In 2018, Harvey Noyes and his wife owned a home in Marshall, Minnesota where they had lived for twenty years. At one time, the house had been part of a farm, but Mr. Noyes had never grown crops, raised livestock, or engaged in any sort of farming activity. Mr. Noyes was employed as a food buyer. They decided to sell the home, and before doing so needed some repairs done to the house and outbuildings. They used Project Turnaround (PT) to do so. PT is a residential chemical addiction program located in Marshall. As a part of its effort to transition its clients back into the community, it solicits local businesses and homeowners for work that PT clients could perform. Available jobs were posted on a sign-up sheet on a bulletin board and PT clients signed up for available jobs on a “first come, first served” basis. PT clients were paid in cash at the end of each workday.
In the summer of 2018, Jason Witthus was in the inpatient treatment program at PT. He had already worked a number of odd jobs for Mr. Noyes, including repairing an old garden shed. On June 2, 2018, the shed needed painting. To reach window frames to be painted, Mr. Witthus used a ladder and stood on a ledge or landing. Mr. Witthus was on this ledge when he slipped and fell to the ground. He landed on his feet, fracturing his left heel. The injury required surgical intervention. Witthus first tried to file a negligence law suit in district court and did not prevail. He then retained a new attorney and filed for workers’ compensation benefits. The Special Compensation Fund filed an answer on behalf of Mr. Noyes.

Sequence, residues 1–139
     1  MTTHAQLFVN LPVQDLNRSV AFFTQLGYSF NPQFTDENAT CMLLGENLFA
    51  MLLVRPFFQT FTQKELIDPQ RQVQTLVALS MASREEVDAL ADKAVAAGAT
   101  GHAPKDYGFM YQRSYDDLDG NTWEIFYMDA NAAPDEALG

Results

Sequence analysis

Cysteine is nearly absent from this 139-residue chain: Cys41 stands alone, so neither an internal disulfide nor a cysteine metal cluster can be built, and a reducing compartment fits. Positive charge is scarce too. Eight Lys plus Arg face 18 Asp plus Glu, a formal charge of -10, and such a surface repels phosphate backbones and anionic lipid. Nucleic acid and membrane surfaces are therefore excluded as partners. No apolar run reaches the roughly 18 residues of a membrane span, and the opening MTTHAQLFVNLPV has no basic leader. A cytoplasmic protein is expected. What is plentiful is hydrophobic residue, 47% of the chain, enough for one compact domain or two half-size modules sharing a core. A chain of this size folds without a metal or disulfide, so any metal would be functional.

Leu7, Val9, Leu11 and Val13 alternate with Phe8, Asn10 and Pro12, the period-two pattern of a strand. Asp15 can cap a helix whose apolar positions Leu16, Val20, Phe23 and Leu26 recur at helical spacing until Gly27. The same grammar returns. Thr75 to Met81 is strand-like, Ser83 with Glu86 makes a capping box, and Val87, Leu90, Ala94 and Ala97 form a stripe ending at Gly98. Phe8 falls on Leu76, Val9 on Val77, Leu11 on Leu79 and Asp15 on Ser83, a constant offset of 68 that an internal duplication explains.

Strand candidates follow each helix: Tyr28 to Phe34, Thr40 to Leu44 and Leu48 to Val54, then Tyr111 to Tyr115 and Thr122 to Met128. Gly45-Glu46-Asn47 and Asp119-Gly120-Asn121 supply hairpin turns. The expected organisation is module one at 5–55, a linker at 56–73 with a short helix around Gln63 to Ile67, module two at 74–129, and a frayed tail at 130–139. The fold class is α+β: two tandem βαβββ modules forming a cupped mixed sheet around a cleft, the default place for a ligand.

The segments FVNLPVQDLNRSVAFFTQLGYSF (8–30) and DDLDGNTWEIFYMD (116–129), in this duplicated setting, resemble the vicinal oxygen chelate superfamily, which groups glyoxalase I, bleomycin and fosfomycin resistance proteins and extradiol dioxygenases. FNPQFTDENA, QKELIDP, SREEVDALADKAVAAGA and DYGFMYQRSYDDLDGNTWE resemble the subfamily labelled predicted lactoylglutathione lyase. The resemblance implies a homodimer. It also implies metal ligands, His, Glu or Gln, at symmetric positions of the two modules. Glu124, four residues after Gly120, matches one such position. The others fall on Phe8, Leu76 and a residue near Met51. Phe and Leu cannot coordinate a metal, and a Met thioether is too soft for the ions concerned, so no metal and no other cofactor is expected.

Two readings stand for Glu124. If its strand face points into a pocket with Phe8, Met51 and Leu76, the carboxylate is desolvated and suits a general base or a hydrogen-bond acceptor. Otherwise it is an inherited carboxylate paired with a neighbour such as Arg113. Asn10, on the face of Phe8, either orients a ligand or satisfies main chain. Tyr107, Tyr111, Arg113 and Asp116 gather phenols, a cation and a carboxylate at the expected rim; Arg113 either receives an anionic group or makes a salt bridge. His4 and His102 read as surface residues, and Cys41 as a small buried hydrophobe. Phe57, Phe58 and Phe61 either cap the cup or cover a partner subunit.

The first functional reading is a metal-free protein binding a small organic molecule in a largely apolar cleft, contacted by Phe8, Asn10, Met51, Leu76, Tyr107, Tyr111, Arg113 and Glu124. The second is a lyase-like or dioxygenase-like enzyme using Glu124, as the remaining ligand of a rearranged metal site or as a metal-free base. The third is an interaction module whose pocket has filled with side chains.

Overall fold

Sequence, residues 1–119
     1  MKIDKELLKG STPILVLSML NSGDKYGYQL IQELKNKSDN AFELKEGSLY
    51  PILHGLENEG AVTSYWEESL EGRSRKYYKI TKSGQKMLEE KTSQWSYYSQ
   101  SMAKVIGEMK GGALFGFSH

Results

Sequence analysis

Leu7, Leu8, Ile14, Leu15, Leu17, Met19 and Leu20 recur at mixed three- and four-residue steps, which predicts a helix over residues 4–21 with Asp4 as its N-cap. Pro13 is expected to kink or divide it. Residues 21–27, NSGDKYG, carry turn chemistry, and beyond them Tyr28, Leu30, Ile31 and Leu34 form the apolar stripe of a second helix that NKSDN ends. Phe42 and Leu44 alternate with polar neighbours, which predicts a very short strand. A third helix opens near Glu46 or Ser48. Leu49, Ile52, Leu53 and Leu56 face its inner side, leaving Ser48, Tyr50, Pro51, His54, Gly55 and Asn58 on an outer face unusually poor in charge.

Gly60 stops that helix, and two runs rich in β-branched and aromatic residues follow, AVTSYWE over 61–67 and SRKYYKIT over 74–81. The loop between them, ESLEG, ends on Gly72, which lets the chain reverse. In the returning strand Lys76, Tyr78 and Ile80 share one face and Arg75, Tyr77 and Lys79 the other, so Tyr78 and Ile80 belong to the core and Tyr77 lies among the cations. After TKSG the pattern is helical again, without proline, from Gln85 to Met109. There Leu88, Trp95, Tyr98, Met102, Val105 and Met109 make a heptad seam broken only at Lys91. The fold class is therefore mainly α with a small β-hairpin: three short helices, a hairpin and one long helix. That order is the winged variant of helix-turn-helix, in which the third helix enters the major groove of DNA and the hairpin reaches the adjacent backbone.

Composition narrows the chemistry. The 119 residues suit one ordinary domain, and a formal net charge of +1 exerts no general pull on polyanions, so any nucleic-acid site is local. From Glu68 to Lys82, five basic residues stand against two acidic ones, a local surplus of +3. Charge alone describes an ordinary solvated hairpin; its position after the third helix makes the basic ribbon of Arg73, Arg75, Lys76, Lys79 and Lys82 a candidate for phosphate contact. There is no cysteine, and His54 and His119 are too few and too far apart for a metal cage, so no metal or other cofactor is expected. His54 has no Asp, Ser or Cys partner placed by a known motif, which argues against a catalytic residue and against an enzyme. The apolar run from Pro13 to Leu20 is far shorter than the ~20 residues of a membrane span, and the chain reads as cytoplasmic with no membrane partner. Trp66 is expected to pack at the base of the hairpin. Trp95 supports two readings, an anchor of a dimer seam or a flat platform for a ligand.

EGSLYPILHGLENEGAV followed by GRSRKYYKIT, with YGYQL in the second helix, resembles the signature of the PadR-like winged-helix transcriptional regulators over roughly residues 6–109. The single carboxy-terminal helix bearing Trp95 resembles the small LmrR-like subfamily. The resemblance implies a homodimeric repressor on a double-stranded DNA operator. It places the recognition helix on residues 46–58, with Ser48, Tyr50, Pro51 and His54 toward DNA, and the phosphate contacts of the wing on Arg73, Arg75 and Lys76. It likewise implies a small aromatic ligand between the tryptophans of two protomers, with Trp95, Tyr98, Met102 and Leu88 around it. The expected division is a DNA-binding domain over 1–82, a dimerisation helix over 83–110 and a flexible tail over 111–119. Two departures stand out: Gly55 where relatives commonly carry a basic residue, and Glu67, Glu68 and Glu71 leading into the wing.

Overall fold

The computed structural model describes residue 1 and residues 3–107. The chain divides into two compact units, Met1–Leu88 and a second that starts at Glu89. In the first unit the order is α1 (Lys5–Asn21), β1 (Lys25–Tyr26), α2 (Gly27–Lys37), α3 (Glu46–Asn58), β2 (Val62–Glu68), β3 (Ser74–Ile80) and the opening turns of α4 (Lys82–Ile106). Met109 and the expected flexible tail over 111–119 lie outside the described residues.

The Special Compensation Fund filed a motion on December 30, 2021, seeking dismissal of the claim petition under Minn. Stat. § 176.041, subd. 1(11) and/or Minn. Stat. § 176.041, subd. 1(14). The motion was heard by a compensation judge on January 25, 2022. In an Order served and filed February 3, 2022, the compensation judge granted the motion, finding that “the employee’s employment is casual and barred under Minn. Stat. § 176.041, subd. 1(11).” The judge further concluded that, in view of this finding, it was not necessary to consider the possible application of Minn. Stat. § 176.041, subd. 1(14). Witthus appealed.
Under the Minnesota Workers’ Compensation Act (WCA), injuries are excluded from workers’ compensation coverage if the employment of the injured person is: (1) casual, and (2) the employment at the time of the injury is “not in the usual course of the trade, business, profession, or occupation of the employer.” Minn. Stat. § 176.041, subd. 1(11).
On the issue of casual employment, the court noted that casual employment “indicates something which comes without regularity and is occasional and incidental. It is usually temporary and of short duration. . . . with the intention and understanding on the part of both employer and employee that it shall not be continuous.” Billmayer v. Sanford, 177 Minn. 465 at 467, 225 N.W. 426 at 427, 5 W.C.D. 242 at 243-44 (1929).
In this case, Mr. Noyes was employed as a food buyer at the time of Mr. Witthus’s injury. The work performed by Mr. Witthus and the other PT clients was to prepare Mr. Noyes’s home for sale. While the house had once been part of a farm, there was no evidence presented that Mr. Noyes had ever engaged in any sort of farming activity. Witthus argued that Mr. Noyes desire to increase the sale price of the home was “pecuniary motive” akin to a business motive. The court rejected this argument and noted the statute was very specific with “Trade, business, or occupation.”
There is also no evidence in the record before us that Mr. Witthus was engaged in anything other than casual employment at Mr. Noyes’s home. He was not hired directly by Mr. Noyes, but, essentially, through a labor service – the signup sheet at PT. He was paid in cash at the end of each day and was not required or expected to return the next day.
The WCCA affirmed the compensation judge finding Witthus was casually employed, and denied benefits.